Are we going to solve this “democratic deficit” just by calling for elections or making some European parties and policy makers closer to the citizens? That might certainly help although it would not be enough. Why? I will try to respond this question through the next graph:
What we see here is an important gap when ‘trusting in government’ between two groups of European countries: those which belong to the called “Northern Europe” – whether they are in the Euro area or the non-Euro – and the others pertaining to the “Southern Europe”. Put it another way: the states of Northern Europe are far away from the misnamed PIIGS (Portugal, Ireland, Italy, Greece, Spain) of Southern Europe when it comes to trust in their own democratic governments.
Hence the actual democratic deficit within the European Union has to deal actually with two kinds of ‘vision’ or ‘European realities’: one defended by the countries of Northern Europe, which have become credit providers, and another seemingly different reality, promoted by Southern European countries which are becoming more and more indebted. That is to say, the countries with a better credit rating are in the North, while the indebted countries are mostly in the South.
This situation does not contribute at all to start building a better and credible democratic Europe. As Sonia Alonso put it in the article, “La fractura democrática en la UE: ¿encaminados hacia la tormenta perfecta?” (“The EU democratic fracture: headed for perfect storm?”), the Northern and the Southern countries are confronting. There is a sort of ‘domestic’ colonialism that is emerging within the EU. This process is getting worse because of an apparent, but increasingly ideological divorce between the North and the South. In this respect, Sonia also notes that “historically, these overlaps amidst territory, economy and ideology have seldom conducted to a resolution of economic and political conflicts in a soft way. On the contrary, they tense the posture defended by each country towards polarized directions. Therefore it seems that we are heading for perfect storm”.
Back to the graphic we may look at the upper and lower levels in 06/2012 to rapidly realize that the percentages of respondents are truly influenced by the context. In fact, there is a difference of 32% in 2012 depending on whom the Eurobarometer is asking for: again, the countries of Northern and Southern Europe. We should get the point: there is an important breakdown, rupture, or gap, between the two visions of Europe, and such a process has been breaking down the idea of a united and unique Europe, mainly since the beginning of the economic and financial crisis.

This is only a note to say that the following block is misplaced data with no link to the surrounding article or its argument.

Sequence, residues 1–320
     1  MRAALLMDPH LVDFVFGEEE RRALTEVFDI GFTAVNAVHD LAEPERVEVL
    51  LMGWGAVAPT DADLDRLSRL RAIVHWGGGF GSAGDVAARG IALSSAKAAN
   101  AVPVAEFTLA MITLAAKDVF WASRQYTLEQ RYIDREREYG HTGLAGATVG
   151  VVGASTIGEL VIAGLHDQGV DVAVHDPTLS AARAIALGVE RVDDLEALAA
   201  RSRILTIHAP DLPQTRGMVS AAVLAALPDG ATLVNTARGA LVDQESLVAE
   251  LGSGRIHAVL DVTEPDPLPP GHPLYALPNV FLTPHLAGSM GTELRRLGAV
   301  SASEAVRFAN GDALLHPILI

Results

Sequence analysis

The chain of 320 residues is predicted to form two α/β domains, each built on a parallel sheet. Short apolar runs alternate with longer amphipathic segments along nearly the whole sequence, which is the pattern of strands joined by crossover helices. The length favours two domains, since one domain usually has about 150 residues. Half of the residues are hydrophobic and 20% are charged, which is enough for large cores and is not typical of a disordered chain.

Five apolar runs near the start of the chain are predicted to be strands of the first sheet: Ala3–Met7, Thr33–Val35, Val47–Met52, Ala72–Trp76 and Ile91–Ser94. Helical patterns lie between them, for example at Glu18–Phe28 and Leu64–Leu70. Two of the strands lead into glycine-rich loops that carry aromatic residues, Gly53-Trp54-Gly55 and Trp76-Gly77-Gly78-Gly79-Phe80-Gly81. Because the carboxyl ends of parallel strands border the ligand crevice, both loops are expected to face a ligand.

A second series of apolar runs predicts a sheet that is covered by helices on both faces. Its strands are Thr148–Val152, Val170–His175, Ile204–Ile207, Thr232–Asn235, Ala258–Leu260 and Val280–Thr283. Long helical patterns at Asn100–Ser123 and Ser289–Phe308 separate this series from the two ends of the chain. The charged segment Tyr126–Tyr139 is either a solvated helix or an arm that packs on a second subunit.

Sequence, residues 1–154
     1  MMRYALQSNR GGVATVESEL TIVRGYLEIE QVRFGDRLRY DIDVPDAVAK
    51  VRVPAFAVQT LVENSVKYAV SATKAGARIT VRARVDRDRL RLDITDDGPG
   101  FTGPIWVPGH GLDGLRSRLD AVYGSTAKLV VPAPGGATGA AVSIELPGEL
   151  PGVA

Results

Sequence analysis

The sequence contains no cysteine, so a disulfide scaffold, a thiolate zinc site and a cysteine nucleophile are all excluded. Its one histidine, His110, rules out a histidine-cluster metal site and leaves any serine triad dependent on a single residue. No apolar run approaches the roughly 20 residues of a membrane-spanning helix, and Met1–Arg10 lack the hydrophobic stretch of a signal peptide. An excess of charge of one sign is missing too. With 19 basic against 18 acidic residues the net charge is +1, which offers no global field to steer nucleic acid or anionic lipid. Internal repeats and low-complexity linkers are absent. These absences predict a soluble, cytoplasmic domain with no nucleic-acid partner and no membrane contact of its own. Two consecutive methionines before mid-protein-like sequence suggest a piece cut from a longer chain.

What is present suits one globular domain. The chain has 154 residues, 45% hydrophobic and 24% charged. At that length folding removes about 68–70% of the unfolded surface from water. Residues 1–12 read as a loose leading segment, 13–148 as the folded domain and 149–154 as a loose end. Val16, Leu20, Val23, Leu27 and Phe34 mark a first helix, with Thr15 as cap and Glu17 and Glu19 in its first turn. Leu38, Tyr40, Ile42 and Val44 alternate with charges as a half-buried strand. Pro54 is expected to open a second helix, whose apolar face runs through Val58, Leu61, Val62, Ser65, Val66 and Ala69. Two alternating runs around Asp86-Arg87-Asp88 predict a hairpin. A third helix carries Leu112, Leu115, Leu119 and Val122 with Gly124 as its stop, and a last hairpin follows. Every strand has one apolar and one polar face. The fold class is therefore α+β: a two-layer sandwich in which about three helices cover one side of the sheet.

We cannot pretend to solve the EU democratic deficit until we firstly face and settle our differences. The economic experiments such as austerity or another sort of bad reforms are stifling the national economies in the Southern Europe, while undermining their trust in democracies, as we have seen on the graph above. So what do we do?
As Antón Costas put it in the article, “En qué momento se jodió la Unión Europea” (“When did the EU got broken”), “we must be able to start a European New Deal, capable to rethink the 21st century European project, according to the growth, employment, macroeconomic stability, equality and democracy. This is the only way that may secure the sustainability of the euro and the European project”.
Moreover, the Nobel Prize laureate in economics Daniel Kahneman (2002) said that, “the people who have the greatest influence on the lives of others are likely to be optimistic and overconfident, and to take more risks than they realize”. I guess the EU only will be credible while being both, optimistic and risky. Not an easy one though. Otherwise it will be condemned to remain as something distant, austere, cold and above all, politically skeptical. Are we ready?